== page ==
Speak easy: (From left) Humanitarian law mooters Janice Bleazard, Shingira Masunzu and Duncan Wild with coach Cathy Powel (public law).
A UCT team of humanitarian law mooters reached the finals of the recent Jean-Pictet Competition in International Humanitarian Law in El Escorial, Spain.
The team of Janice Bleazard, Shingira Masanzu and Duncan Wild was one of only four English-speaking teams in the finals. Masanzu was also judged best oralist in her section of 16 teams.
What makes this feat remarkable is that international humanitarian law is not taught in the UCT LLB curriculum. The students studied the topic in their own time, with supervisor Cathy Powell.
What did count in their favour was their strength in arguing a case in court, thanks to the faculty's Oliver Tambo Moot Court facility. '˜Moots' have since become a compulsory element of the university's LLB programme.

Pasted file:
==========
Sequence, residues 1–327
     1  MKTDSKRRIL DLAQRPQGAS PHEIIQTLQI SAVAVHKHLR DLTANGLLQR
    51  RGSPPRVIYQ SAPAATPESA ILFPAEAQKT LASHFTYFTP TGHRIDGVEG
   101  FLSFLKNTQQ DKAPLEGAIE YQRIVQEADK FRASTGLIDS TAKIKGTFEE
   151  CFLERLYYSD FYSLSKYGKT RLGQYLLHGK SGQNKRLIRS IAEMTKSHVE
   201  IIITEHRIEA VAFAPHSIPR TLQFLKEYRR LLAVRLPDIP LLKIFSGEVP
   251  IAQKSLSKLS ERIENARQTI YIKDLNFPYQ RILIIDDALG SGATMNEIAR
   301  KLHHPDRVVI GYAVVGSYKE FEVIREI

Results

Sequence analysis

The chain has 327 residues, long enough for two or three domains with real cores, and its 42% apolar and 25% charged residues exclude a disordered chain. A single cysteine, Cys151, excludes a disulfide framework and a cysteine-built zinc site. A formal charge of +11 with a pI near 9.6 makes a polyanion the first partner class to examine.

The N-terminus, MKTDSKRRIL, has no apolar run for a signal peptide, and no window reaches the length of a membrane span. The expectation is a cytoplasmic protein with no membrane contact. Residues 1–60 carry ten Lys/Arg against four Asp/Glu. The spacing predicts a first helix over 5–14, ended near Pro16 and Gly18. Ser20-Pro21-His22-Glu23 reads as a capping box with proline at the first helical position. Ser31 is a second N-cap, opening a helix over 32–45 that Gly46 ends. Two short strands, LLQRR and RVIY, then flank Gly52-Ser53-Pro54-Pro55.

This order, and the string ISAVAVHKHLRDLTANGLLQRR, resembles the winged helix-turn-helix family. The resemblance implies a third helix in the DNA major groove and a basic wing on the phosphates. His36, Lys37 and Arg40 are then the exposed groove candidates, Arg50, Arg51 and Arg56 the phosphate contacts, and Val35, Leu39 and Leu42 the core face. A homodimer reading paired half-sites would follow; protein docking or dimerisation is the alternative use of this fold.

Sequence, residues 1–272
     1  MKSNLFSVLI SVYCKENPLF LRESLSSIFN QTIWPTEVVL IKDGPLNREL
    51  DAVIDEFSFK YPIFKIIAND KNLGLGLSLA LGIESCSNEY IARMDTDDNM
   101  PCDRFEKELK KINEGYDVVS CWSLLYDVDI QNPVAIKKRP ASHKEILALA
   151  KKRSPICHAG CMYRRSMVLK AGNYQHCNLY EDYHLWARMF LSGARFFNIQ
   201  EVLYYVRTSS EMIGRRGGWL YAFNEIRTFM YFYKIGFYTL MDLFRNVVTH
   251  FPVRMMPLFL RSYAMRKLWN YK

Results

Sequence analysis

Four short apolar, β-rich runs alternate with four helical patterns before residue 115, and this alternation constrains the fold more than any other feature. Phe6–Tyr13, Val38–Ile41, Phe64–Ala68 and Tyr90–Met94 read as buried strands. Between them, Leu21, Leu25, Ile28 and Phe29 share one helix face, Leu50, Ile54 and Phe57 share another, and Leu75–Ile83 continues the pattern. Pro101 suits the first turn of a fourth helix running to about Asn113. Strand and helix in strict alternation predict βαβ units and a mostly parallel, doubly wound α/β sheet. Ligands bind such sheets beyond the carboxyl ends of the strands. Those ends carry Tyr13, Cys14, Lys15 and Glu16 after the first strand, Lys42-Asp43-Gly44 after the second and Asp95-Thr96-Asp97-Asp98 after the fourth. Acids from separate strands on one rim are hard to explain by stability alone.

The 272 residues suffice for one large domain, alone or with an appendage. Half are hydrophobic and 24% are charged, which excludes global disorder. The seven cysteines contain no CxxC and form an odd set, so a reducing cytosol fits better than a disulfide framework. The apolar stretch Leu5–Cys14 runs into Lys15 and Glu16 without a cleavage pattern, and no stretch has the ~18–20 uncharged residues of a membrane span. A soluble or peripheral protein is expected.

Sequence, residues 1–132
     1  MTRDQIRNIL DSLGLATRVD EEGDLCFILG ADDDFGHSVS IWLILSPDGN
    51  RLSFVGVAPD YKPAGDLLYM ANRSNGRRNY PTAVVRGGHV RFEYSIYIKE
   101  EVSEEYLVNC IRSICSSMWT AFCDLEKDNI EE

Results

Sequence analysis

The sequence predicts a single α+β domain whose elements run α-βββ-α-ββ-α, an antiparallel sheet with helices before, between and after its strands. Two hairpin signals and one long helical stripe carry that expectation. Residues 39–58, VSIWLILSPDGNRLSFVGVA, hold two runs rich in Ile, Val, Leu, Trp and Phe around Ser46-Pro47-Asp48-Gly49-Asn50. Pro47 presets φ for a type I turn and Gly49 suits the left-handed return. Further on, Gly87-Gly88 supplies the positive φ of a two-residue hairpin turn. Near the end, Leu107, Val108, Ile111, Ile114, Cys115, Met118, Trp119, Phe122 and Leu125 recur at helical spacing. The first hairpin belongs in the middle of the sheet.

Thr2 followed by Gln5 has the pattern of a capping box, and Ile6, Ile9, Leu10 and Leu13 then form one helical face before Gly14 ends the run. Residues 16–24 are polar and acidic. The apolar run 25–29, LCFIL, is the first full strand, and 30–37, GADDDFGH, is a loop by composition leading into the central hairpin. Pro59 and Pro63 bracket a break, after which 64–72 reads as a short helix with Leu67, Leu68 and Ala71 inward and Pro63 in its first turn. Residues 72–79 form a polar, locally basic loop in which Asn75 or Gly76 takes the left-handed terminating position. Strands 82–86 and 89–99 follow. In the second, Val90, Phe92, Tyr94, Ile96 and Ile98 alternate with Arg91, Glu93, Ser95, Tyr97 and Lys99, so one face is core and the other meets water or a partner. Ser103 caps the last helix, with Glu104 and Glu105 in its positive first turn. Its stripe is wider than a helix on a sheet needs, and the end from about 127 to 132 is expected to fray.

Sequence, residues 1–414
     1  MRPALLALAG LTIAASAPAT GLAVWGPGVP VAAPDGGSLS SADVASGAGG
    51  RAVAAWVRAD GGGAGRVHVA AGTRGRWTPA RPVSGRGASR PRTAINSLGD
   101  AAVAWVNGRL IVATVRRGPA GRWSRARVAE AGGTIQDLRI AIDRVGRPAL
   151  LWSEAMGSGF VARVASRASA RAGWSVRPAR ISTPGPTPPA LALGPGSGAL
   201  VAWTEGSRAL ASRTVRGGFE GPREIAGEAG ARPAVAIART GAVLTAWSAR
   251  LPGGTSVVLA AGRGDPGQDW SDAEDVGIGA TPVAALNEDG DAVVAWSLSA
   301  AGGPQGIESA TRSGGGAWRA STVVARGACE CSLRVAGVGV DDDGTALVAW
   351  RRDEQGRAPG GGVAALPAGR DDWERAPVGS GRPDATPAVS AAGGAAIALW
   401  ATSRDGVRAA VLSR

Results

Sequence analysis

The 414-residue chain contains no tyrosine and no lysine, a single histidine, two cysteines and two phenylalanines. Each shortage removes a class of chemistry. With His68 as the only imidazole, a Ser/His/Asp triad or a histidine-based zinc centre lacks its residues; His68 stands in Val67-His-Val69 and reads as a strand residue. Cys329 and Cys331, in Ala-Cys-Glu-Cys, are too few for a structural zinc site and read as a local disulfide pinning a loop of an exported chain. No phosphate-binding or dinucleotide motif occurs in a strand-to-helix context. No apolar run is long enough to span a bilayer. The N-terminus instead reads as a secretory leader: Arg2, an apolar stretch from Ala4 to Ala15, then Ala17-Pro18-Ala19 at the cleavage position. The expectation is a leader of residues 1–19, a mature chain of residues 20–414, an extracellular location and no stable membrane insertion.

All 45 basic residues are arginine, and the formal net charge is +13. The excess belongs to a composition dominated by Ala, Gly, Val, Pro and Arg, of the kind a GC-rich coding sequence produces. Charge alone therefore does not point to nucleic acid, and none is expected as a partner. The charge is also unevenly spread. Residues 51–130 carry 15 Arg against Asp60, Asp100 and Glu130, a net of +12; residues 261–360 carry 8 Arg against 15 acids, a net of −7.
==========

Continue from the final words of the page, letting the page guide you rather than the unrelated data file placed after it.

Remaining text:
'Our graduates are sought after both in South Africa and abroad and one of the reasons is that our curriculum combines academic analysis and critical thinking with the practice of the law. One element of this practice is compulsory moot training,' said the dean, Prof Hugh Corder.
Since 2002, law students have notched up several successes, among these the 2005 All African Human Rights Moot Competition title and fourth place among 120 teams competing in the international round of the Jessup International Law Moot in Washington.
UCT will host the South African round of the Jessup Moot in 2008.
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